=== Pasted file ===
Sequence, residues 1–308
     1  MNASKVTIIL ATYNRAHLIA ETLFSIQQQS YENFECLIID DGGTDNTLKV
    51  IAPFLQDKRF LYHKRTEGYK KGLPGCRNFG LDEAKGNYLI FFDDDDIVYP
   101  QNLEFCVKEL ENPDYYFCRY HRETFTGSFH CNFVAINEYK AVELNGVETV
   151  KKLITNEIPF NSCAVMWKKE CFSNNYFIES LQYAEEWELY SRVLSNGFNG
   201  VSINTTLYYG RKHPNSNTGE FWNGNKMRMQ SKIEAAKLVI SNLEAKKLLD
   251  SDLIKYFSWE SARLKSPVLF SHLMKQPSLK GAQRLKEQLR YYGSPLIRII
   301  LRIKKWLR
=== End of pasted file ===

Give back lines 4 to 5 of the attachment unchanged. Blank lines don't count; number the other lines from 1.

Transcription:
   101  QNLEFCVKEL ENPDYYFCRY HRETFTGSFH CNFVAINEYK AVELNGVETV
   151  KKLITNEIPF NSCAVMWKKE CFSNNYFIES LQYAEEWELY SRVLSNGFNG